Ole Miss[edit]

1 2 3 4 Total
Ole Miss 0 6 0 0 6
Alabama 21 0 0 13 34
  • Date: November 11
  • Location: Murphy H.S. Stadium
    Mobile, AL
  • Game attendance: 8,000

In what was the first game played against Ole Miss since the 1933 season, Alabama defeated the Rebels 34–6 tie in Mobile.[5][20][21] The Crimson Tide took control early with a three touchdown first quarter on a Fred Grant run, 48-yard Lowell Tew run and a short George Albright run.[20] The Rebels' responded with their only points of the game in the second on a 29-yard Johnnie Bruce touchdown pass to Clyde Hooker to make the halftime score 21–6.[20] After a scoreless third, a pair of fourth-quarter touchdowns were scored on runs by John Hite and Grant to make the final score 34–6.[20] The victory improved Alabama's all-time record against Ole Miss 16–3–2.[22]

Mississippi State[edit]

1 2 3 4 Total
#16 Mississippi State 0 0 0 0 0
Alabama 7 6 6 0 19
  • Date: November 18
  • Location: Denny Stadium
    Tuscaloosa, AL
  • Game attendance: 23,000

On what was homecoming before the largest crowd to date at Denny Stadium, Alabama upset an undefeated Mississippi State Maroons squad 19–0 in Tuscaloosa.[5][23] After Harry Gilmer fumbled the opening kickoff to give the Maroons excellent field position, Fred Grant returned an interception 87-yards for a 7–0 lead.[23] The other two Alabama touchdowns were scored on runs by Lowell Tew and Grant.[5][23] The victory improved Alabama's all-time record against Mississippi State to 21–7–2.[24]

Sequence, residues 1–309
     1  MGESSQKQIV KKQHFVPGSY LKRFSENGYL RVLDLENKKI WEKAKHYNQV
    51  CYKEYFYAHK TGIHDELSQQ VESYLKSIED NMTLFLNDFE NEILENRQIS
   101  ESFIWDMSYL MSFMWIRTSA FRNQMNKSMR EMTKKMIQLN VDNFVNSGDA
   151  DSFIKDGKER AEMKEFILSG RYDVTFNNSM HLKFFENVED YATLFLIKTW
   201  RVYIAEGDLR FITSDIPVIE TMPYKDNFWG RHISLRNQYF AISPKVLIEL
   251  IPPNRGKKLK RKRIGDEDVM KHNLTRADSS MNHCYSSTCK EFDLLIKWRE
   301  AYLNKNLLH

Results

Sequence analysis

Duke[edit]

Sugar Bowl
1 2 3 4 Total
Alabama 12 7 0 7 26
• #11 Duke 7 6 7 9 29
  • Date: January 1
  • Location: Tulane Stadium
    New Orleans, LA
  • Game attendance: 32,000

On November 25, University officials announced that Alabama had accepted a bid to play in the 1945 Sugar Bowl against the Duke Blue Devils.[26] In the game, the Crimson Tide were defeated 29–26 before 66,822 fans at Tulane Stadium after Duke score a late, game-winning touchdown.[25] The Blue Devils took an early 7–0 on a 14-yard George Clark run before a pair of one-yard, Norwood Hodges touchdown runs gave the Crimson Tide a 12–7 lead at the end of the first.[25] Alabama extended their lead further to 19–7 after Harry Gilmer threw a 12-yard touchdown pass to Ralph Jones. Duke responded with a pair of short, Tom Davis touchdown runs to take a 10–19 lead into the fourth quarter.[25] In the fourth, Hugh Morrow had a touchdown on a 78-yard interception return; however, the Crimson Tide lost the game after Gilmer took a safety and George Clark scored the game-winning points on a 20-yard run.[25]

Personnel[edit]

NFL Draft[edit]